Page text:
2022: The European Year Of Youth

Year Of Hope

What exactly is the European Youth Year? A year dedicated to all young Europeans to create a better future with so many possibilities to learn, share your vision, travel, meet people, and participate in activities all throughout Europe and go forward from a post-pandemic perspective with confidence and hope.


Why is there a European Year of Youth? On 15 September 2021, the President of the European Commission Ursula von der Leyen announced in her State of the Union address that 2022 would be declared the European Year of Youth. The reason is that during the COVID-19 pandemic, young people in Europe sacrificed a lot for the sake of others. As a result, they should now be the focus of attention, with promising prospects for the future.


Objectives Of The European Year Of Youth:

To Consider young people's perspectives and ideas when making decisions. Also, a coronavirus recovery plan opens up new opportunities for young people in Europe of the future, such as high- quality jobs and education and training. And assists young citizens in developing a better understanding of the opportunities available to them at the EU, national, regional, and local levels.


Young people in Europe:

One out of every six Europeans is between the ages of 15 and 29 and one in every three young people reported spending two or more weeks abroad for work, training, or education. Also, the European Union and democracy are viewed positively by three-quarters of young people. But the COVID-19 crisis has changed everything. There was a significant impact on young people, who have lost jobs and experienced deterioration in their mental and emotional health, and Unemployment among young people has risen as well.


Opportunities For Young People:

Throughout the year, the Commission will coordinate a number of initiatives. This will be accomplished in close cooperation with the European Parliament, member states, regional and local governments, youth organizations, and young people themselves. In addition to the EU's successful youth programs, such as Erasmus+ and the European Solidarity Corps, which have impacted the lives of millions of young people and support with budgets of €28 billion and €1 billion, respectively, for the current fiscal period. Also, new programs and initiatives are being

designated to continue to provide opportunities not only in the EU but also in partner countries. In the coming months, a new program called ALMA will be launched to support cross-border professional mobility for disadvantaged young people.


After almost two years of a pandemic that has hit young people particularly hard, it is now a key moment for all European youth to be involved and participate in creating a better, greener, more digital, and inclusive future in Europe. So Dear young Europeans this is a year of hope and you are the ones who can shape the future of Europe so be bold, be ambitious, and think out of the box.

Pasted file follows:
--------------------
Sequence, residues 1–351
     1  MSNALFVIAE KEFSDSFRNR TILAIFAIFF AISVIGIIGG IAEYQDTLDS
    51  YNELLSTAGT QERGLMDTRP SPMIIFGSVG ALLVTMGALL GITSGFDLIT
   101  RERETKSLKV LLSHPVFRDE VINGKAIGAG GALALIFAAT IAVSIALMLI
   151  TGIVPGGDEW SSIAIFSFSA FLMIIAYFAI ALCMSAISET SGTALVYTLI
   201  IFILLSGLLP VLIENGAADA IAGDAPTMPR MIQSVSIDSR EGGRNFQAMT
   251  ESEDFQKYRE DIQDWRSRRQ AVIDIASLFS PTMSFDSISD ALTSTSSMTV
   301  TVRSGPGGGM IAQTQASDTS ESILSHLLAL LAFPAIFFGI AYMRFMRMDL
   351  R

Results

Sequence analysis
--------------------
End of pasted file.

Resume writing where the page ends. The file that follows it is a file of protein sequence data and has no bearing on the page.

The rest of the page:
Syed Hussain Abdul Hakeem



Project no. 2020-1-ES01-KA204-081988

The project Estrecomp - Introducing entrepreneurial competences - Entrecomp for adults living in rural areas, is progressing successfully.

The consortium of this project aims to foster rural activity as well as entrepreneurial skills and to be able to provide adult educators with the necessary tools and transfer them to the target group of the project, women, migrants and people with low qualifications.

While it is true that we can notice a certain increase of entrepreneurial activities in rural areas reinventing life in the countryside, because after suffering a pandemic, the future may not only be in smart cities. However, are they provided with the necessary tools? what facilities are available to those who wish to start up a business in rural areas, and what if those interested in undertaking this entrepreneurial adventure were women?

In order to achieve our research, the consortium have carried out local interviews to women living in rural areas in five cities that belongs to the consortium. The members of the consortium are: AIFED (Granada, Spain); Austrian Association of Inclusive Society (Austria); Systeme in Bewegung e. V (Winsen, Germany); Progetto Marconi (Torino, Italy) and European Alpe Adria Pannonia Cluster (Novi Sad, Serbia).

After data collection, it has been possible to clarify difficulties, needs, necessary support, as well as the experiences of these women and the benefits they have obtained once their projects have been launched.

In terms of difficulties, the most frequently mentioned is the economic and bureaucratic obstacle. Secondly, the lack of education received and the lack of access to information. In addition, most of the women interviewed mentioned the added difficulties of being a woman and an entrepreneur in a man's world.

Among the needs expressed, the lack of financing is the main obstacle for these women, followed by the lack of support from other professionals in the sector. We also mentioned the lack of social support in some cases, as these women carry out jobs that have always been considered to be men's work. However, other women interviewed tell us how they have served as an example for other women in their communities, which has helped them to continue with their projects.